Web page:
Dr. Jameson: As we begin to see this happening and look at where we are today with the small percentage of dentists who have actually bought into this technology-to be able to save time, to be able to better educate and motivate our patients, to understand the type of dentistry that we're recommending, and the benefits of them receiving it-what do the digital radiography companies need to do to increase their presence in the dental marketplace to make doctors feel more secure in implementing this technology in their practices?

Dr. Levato: I think manufacturers need to look at themselves as resources instead of vendors for equipment. They need to understand what issues dentists have and how products may remedy those issues. The only way to do this is through education. Most of the major companies are keenly aware that they have to tie in some sort of education with their particular products. When there is a software application involved, there are tools and protocols that you have to learn. So, education is critical. You have to teach the team the nuances of taking digital images instead of film images. The training is multifaceted in that you have to train the team about maintenance, proper uses and how to take the images, save them in the proper format, etc. Then you have to offer education to the doctors on electronic image processing. Some might think, "OK, now that I see this image, I can just look at it like I've always looked at it." But, if you plan to get the most benefit from it, it's wise to know how to manipulate the image to extract more data. A long time ago, Miles said something that I still remember. He said that "one good digital image is really comparable to three good analog images." You can take that image and, using contrast, focus primarily on the bone structure. You can go from a negative to a positive mode and that shows the bony trabeculae and the periodontal ligament a little more clearly. If you want to look at interproximal areas of teeth, you can use a technique like embossing to create a three-dimensional look to identify areas of cavitation or marginal discrepancy. There are several tools that make good sense but, if you don't have the technology, you're still working the same way you did when you first started in practice. Education is critical. Companies need to provide programs with continuing education credit because all states require continuing education. This, in turn, will attract the dentists. The companies also could sponsor qualified clinicians to provide didactic information so doctors can learn how to use the tools and the software while company trainers can teach the team how to take good, predictable images.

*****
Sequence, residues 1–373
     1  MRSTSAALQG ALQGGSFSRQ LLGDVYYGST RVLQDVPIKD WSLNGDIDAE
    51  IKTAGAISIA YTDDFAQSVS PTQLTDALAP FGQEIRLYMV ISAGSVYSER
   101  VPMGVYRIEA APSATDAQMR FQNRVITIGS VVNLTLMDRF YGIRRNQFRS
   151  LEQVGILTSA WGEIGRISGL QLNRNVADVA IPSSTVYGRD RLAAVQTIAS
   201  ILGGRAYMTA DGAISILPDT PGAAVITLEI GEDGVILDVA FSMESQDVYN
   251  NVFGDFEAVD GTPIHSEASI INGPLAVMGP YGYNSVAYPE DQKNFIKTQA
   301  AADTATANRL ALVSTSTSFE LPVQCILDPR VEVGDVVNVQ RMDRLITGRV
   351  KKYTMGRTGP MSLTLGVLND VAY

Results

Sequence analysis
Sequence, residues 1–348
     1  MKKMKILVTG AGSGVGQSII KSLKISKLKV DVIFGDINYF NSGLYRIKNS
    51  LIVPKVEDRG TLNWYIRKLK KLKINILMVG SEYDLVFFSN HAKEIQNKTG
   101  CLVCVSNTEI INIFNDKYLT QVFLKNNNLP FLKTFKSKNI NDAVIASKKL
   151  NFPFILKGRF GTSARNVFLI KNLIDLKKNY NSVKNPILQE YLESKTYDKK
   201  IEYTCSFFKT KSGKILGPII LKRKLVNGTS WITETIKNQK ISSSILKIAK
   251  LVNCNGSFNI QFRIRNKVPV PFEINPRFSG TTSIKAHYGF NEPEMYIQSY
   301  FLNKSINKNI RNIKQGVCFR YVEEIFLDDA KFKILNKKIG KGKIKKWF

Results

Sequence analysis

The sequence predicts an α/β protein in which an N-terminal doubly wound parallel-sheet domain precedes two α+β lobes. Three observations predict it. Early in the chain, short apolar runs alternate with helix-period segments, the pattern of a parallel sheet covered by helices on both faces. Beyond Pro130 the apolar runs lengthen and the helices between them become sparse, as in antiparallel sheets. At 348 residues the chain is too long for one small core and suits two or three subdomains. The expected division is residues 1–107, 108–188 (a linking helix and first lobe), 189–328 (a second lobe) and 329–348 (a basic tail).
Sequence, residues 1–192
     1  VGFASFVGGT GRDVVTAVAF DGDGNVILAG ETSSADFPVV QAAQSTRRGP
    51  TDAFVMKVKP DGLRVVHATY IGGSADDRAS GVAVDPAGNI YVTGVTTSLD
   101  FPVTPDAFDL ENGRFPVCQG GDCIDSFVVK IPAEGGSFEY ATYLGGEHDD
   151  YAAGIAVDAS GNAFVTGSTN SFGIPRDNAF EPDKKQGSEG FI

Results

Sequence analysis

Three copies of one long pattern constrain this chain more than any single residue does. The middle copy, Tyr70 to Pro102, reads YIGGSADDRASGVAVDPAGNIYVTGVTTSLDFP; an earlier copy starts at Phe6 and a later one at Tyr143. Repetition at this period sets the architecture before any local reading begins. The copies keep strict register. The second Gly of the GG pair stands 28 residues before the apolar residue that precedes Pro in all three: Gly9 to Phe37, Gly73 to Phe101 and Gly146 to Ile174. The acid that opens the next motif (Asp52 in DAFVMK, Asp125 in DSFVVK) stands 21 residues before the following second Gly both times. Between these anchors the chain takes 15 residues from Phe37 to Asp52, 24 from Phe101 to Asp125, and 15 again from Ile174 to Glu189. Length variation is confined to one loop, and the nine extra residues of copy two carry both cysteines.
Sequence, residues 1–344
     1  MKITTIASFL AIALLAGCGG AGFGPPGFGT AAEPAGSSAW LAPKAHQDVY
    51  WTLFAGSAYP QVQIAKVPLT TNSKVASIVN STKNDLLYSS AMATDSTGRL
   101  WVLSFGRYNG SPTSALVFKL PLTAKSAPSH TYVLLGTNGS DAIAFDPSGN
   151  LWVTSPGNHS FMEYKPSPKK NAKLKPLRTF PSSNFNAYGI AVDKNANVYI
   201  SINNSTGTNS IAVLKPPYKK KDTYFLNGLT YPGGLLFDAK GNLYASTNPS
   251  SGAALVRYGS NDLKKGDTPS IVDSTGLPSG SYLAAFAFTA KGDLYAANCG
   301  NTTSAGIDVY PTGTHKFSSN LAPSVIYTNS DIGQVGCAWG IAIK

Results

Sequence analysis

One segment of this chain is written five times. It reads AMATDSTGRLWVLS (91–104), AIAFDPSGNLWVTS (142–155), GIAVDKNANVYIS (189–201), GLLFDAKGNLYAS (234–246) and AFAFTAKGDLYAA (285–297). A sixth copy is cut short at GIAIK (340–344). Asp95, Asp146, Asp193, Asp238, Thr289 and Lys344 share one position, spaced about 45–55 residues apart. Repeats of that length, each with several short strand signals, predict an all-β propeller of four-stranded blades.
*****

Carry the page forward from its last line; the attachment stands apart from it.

In our practice, we've been using digital radiography since 1993. I haven't taken a film X-ray since 1994. We have not found any instances in which we needed to use film. If we could not capture an image with a sensor, we would take a phosphor plate or panoramic image. The technology's there and it definitely gives you what you need; you just need to learn to work with it. We need more educational programs out there-no matter whether they are sponsored by dental societies, universities or vendors. That will go a long way to help this technology reach critical mass and become the new standard of care.

Claudio M. Levato, DDS, is a 1976 graduate of the University of Illinois College of Dentistry. He shares a restorative practice in suburban Chicago with his wife, Sharon. Their practice has invested heavily in leading edge technologies during the last 25 years, spanning four computer systems and transitioning different operating systems to create a fully integrated digital patient record. Dr. Levato is also a well-known technology editor and writer and serves as a consultant to the dental trade. He is an active member of the American Equilibration Society, American Academy of Cosmetic Dentistry, an alumnus of the L.D. Pankey Institute, and a Fellow in the International Academy of Dental Facial Esthetics and the Odontographic Society of Chicago.

Dr. John Jameson is chairman of the Board of Jameson Management, Inc., an international dental consulting firm. Representing JMI, he writes for numerous dental publications and provides research for manufacturers and marketing companies, as well as lectures worldwide on the integration of technology into the dental practice, and leadership. He also manages the technology phase of the consulting program carried out by JMI consultants in the United States, Canada, and Europe. He may be reached at (877) 369-5558 or by visiting